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Rock Band 4 review

Full plectrum warrior.

Pop stardom isn't a zero sum game, but it is often built on rivalries, real or manufactured. A bit of bad blood can be monetised, whether it's Katy Perry versus Taylor Swift, Blur versus Oasis or the Beatles versus the Stones. In the gladiatorial history of rhythm-action games, it has been Guitar Hero versus Rock Band, two franchises that enjoyed such accelerated success there seemed to be no time at all between them minting a new genre and completely saturating the market. Since 2010, both titles have been lying low - presumably in great mothballs of fire, plotting their returns. This month, they reignite their old rivalry with two carefully stage-managed comebacks.

Guitar Hero Live seems to have veered in a new direction, pre-marketed as a hard reboot that ditches the classic logo, introduces a rejigged controller with double-decker buttons and deploys live-action video to mimic the experience of being sandwiched between Senseless Things and Ned's Atomic Dustbin on a drizzly music festival bill. But first out of the gate is Rock Band 4, produced by genre pioneers Harmonix and peripheral specialist Mad Catz. While it boasts a handful of new feature bullet-points to help tempt lapsed players into shelling out over £200 for the band-in-a-box bundle, Rock Band 4 is more of a thoughtful, streamlined consolidation of the franchise and its impressive legacy than a punky reinvention.

It's also a tangible retreat from the complexity of Rock Band 3, which shipped with two terrifying controllers, one with over 100 individual fret buttons and one which was basically just an electric guitar. That was an audacious attempt to create a generation of actual guitar heroes, shifting the focus from torrid rock fantasy and pushing the game into territory more akin to an Open University home-learning module. For Rock Band 4, the emphasis is firmly back on living out our culturally shared vision of the rock'n'roll dream, and it goes to great lengths to make the social experience as frictionless as possible.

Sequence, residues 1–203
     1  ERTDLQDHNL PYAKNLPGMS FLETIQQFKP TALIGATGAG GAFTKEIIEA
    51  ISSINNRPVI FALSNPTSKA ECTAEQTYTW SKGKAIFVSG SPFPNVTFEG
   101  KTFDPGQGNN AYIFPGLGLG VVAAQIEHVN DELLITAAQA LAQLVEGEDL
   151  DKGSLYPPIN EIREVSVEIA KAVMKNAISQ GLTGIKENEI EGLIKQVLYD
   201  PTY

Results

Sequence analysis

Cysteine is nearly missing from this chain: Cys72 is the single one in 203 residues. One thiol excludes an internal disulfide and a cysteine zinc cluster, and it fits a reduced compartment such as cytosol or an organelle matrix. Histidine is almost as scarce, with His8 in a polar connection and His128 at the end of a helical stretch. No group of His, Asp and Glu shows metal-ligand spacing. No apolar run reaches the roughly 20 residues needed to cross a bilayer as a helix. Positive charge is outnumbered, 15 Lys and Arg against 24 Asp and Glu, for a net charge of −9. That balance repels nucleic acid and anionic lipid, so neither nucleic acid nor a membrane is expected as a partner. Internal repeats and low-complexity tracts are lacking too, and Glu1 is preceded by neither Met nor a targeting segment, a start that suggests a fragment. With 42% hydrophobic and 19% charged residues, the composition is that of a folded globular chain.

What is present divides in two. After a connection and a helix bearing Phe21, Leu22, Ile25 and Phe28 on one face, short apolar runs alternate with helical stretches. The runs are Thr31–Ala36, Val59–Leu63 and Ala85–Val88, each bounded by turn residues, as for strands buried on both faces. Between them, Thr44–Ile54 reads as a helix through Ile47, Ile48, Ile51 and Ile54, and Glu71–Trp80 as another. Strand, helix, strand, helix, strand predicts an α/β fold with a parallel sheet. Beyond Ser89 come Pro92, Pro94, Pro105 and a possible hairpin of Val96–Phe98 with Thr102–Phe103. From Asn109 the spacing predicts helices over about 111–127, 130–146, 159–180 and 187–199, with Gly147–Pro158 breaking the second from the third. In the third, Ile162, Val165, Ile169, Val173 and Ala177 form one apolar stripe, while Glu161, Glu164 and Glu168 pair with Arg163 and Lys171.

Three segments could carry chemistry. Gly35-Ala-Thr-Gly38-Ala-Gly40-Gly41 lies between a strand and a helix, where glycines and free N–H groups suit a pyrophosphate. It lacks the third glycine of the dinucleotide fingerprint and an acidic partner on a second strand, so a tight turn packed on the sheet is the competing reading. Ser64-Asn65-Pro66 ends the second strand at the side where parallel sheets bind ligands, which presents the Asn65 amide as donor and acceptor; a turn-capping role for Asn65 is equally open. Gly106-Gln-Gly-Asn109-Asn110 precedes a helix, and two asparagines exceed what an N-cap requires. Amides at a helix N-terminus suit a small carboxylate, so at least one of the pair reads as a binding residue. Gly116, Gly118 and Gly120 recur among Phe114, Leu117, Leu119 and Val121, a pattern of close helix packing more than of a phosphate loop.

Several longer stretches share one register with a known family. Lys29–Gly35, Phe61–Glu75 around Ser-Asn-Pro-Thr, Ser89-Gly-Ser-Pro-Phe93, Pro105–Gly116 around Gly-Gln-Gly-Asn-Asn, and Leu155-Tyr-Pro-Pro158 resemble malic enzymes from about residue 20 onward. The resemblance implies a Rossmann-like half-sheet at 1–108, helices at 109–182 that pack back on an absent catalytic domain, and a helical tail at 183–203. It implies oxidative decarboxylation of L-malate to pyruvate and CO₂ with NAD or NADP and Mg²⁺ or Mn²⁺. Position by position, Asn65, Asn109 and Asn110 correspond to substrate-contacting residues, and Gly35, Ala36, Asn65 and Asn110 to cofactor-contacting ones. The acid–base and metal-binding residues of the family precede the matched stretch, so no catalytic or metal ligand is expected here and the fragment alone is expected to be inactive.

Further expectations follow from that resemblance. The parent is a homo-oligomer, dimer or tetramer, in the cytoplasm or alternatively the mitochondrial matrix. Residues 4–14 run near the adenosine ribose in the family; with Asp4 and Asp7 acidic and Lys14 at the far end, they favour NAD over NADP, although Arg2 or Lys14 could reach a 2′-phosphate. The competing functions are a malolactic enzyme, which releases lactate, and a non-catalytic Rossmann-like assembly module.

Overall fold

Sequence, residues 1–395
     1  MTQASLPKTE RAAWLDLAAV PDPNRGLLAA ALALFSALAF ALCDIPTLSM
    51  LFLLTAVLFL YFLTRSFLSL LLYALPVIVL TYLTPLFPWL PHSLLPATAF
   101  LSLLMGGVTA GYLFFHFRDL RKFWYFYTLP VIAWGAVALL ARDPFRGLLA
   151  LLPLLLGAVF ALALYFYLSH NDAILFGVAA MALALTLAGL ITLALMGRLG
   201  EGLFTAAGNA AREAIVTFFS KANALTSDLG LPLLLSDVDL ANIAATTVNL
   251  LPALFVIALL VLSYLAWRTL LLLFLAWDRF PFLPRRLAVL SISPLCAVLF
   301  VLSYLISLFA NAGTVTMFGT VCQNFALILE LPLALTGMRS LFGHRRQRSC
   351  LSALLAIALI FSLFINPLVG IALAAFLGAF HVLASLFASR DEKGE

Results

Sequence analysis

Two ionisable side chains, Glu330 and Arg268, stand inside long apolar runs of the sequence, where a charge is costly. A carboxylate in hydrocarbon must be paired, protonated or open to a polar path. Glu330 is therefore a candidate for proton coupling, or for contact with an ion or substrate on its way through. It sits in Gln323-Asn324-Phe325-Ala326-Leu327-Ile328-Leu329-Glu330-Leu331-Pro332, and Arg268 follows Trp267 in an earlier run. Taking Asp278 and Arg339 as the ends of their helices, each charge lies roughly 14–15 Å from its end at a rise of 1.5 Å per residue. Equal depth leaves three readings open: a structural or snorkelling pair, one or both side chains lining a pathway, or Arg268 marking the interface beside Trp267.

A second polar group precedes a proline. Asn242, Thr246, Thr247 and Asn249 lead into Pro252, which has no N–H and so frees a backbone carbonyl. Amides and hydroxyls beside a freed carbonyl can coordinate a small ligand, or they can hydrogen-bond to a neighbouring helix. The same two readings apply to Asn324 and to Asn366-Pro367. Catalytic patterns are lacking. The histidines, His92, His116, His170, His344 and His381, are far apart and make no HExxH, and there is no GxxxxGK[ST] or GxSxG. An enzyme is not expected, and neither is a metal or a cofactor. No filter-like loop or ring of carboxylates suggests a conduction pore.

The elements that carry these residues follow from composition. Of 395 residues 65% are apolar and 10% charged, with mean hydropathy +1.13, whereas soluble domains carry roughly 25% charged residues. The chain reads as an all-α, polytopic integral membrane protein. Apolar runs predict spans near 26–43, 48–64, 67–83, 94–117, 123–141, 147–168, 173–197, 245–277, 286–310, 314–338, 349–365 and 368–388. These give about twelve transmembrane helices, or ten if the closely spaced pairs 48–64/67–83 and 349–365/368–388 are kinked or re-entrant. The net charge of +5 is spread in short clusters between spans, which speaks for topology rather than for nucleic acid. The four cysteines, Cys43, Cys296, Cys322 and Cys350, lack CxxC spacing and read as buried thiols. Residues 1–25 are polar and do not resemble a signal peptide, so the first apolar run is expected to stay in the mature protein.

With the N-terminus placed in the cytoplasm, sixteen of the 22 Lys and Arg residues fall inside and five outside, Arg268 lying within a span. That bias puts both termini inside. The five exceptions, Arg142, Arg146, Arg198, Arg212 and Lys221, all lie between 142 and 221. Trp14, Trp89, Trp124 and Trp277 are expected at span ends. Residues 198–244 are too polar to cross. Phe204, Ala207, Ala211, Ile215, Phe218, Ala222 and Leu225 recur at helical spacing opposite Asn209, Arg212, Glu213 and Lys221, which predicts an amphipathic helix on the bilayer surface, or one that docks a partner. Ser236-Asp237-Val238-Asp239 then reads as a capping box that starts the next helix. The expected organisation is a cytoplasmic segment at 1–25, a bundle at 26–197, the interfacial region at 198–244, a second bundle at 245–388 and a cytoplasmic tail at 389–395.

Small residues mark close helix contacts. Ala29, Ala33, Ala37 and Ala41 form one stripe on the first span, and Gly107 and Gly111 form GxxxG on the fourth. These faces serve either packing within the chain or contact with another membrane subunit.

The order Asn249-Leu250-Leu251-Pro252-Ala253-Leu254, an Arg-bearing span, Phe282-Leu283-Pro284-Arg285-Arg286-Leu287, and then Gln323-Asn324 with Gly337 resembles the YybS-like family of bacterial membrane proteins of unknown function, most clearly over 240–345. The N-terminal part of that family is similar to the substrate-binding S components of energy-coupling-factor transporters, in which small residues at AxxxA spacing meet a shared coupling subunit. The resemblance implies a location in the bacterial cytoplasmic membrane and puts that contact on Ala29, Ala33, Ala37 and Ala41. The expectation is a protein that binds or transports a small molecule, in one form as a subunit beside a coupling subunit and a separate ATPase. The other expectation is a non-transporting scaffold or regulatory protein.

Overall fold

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The career mode takes your upstart band all over the world, but the venues are mostly run-down, anonymous sweatboxes: a deliberate simulation of the repetitive road life?

Despite the rock star trappings, there is no velvet rope: the game bends over backwards to remove any barriers to entry. Existing PS3 and Xbox 360 instruments are generally compatible, although the new Fender Stratocaster designed for Rock Band 4 is an enviable piece of kit. Individual players worried about dragging the rest of the band down, down deeper and down through lack of skill, rhythm or both can choose to play on the easiest difficulty setting or even toggle no-fail mode. The assessment of vocal performances leans toward the generous, and the drop-in/drop-out functionality makes it a doddle to vote for setlists or swap instruments.

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Mad Catz's updated Fender controller retains the classic five-button style and, like the new drumkit, feels like a premium-quality product. Many older controllers are also still compatible.

We're long past the days when individual rhythm games felt like they had a certain personality due to their on-disc song selection, but the 60-plus tracks that ship with Rock Band 4 are a pretty solid selection, with just a whiff of Radio 2. There are a few strong karaoke standouts - notably Brown-Eyed Girl, Suspicious Minds and Uptown Funk - but scattered among the fashionable rock line-up of Arctic Monkeys, Mumford and the Black Keys there are the usual flecks of metal, from the spandex come-ons of Van Halen to the rib-rattling Avenged Sevenfold. There are also two U2 songs, which would perhaps be more of a coup if one of them wasn't from their most recent and generally reviled album.